egregious was our Word of the Day on 11/10/2014. Hear the podcast!
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Examples of egregious in a Sentence
- … the public perception is that too many corporate executives have committed egregious breaches of trust by cooking the books, shading the truth, and enriching themselves with huge stock-option profits while shareholders suffered breathtaking losses. —John A. Byrne et al., Business Week, 6 May 2002
- History cannot be rewritten, but some of its more egregious errors can be corrected—at least in part, at least symbolically. … Or so assume a growing number of human-rights advocates. —Ellis Cose, Newsweek, 27 Aug. 2001
an egregious example of political bias
the student's theme was marred by a number of egregious errors in spelling
Recent Examples of egregious from the Web
The most egregious example of replay overreach came during last year's NLDS, when Jose Lobaton's foot may have momentarily skipped off the first-base bag in the eighth inning of a one-run game.
Windows 10 fixed Windows 8’s most egregious sins (kind-of), while SteamOS lacked vital capabilities at launch.
Other states have had egregious examples of children being shamed for lunch debt.
If the violation was truly egregious, Zuckerberg would just apologize, usually via a Facebook post, and announce a fix.
So, unlike the more egregious and high-profile cases of service time dictating where a player starts the season — as in Bryant’s case — there is and will be a baseball decision with long-term implications for the club.
Ulyana’s response, which was significantly more egregious than Miroslava's, comes off as both dismissive and self-victimizing.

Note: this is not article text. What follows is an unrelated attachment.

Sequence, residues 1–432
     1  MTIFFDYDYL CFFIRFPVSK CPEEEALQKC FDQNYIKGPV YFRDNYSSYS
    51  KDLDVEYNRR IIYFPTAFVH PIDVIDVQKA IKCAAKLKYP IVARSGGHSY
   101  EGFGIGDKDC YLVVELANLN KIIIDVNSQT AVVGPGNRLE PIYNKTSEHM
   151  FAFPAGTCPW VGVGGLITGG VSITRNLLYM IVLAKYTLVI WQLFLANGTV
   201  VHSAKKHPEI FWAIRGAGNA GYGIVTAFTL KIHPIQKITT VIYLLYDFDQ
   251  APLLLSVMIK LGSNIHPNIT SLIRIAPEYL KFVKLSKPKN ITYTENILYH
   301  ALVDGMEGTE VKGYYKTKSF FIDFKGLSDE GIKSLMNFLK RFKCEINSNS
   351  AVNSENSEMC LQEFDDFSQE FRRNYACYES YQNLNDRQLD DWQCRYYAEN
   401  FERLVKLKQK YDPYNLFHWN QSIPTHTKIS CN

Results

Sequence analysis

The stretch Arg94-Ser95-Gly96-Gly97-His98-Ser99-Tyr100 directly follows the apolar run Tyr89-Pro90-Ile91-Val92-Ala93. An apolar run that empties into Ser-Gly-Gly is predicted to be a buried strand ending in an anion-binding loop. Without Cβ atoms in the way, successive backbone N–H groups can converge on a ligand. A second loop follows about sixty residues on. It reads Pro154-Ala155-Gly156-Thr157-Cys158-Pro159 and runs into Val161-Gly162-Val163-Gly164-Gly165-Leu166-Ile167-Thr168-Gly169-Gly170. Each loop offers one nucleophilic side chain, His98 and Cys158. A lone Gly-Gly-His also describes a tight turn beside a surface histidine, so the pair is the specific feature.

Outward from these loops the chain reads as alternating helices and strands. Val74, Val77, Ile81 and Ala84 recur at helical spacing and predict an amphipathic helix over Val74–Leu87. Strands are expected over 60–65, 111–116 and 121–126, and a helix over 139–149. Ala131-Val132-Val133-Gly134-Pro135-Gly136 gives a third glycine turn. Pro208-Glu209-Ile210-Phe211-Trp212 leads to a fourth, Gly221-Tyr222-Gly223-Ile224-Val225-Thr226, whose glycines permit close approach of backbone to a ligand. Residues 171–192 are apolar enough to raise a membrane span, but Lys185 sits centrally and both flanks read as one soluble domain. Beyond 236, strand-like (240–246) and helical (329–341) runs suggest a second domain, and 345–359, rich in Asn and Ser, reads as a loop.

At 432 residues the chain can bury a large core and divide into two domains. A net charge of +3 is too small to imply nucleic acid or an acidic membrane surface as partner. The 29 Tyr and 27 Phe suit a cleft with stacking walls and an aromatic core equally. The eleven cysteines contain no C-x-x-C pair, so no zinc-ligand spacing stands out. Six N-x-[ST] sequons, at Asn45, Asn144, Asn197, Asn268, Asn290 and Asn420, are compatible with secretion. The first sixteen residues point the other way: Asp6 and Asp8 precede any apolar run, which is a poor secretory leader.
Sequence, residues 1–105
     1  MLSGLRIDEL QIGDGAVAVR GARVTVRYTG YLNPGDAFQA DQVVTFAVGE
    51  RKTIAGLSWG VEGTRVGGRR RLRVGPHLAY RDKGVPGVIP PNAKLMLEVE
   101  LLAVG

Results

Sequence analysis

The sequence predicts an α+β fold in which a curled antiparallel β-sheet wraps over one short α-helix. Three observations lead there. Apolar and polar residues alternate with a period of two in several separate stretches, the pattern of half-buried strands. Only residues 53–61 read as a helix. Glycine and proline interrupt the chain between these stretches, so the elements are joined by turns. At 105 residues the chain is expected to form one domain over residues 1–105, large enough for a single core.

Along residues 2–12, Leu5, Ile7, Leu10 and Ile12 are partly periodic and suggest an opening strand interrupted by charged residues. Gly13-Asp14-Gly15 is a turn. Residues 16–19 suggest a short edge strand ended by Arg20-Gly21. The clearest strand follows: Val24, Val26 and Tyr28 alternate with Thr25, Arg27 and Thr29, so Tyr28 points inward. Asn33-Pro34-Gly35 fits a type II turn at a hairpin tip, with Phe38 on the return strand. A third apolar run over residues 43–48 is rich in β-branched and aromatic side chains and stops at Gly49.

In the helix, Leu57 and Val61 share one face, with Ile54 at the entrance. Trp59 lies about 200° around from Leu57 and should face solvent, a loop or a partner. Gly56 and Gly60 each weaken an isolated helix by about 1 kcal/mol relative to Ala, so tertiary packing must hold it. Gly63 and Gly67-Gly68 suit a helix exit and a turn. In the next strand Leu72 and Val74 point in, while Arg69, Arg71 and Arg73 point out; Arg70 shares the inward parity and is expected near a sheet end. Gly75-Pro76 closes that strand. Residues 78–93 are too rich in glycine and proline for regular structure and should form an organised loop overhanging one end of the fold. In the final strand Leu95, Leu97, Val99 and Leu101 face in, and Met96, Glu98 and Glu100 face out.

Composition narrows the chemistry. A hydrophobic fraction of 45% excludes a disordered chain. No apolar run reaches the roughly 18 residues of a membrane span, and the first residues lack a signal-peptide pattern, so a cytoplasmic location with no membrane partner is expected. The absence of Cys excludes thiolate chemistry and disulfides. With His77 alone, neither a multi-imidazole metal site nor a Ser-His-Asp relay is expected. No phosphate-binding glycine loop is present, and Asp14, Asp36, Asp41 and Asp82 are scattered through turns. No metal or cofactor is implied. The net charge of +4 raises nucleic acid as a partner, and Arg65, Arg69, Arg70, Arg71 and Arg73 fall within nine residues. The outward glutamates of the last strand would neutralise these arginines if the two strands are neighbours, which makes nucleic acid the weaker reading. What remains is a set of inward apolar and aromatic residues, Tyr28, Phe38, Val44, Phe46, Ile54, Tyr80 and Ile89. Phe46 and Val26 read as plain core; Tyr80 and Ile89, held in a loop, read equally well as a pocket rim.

If anything, the violation of the First Amendment in the NIFLA case is more egregious, and the implications potentially more far-reaching.
As a result of its egregious blunder, Snap’s market value has dropped a tad bit — by $800 million, to be exact.
These example sentences are selected automatically from various online news sources to reflect current usage of the word 'egregious.' Views expressed in the examples do not represent the opinion of Merriam-Webster or its editors. Send us feedback.
Did You Know?
Egregious derives from the Latin word egregius, meaning "distinguished" or "eminent." In its earliest English uses, egregious was a compliment to someone who had a remarkably good quality that placed him or her eminently above others. That's how English philosopher and theorist Thomas Hobbes used it in flattering a colleague when he remarked, "I am not so egregious a mathematician as you are." Since Hobbes' day, however, the meaning of the word has become noticeably less complimentary, possibly as a result of ironic use of its original sense.
EGREGIOUS Defined for English Language Learners
Definition of egregious for English Language Learners
: very bad and easily noticed
Seen and Heard
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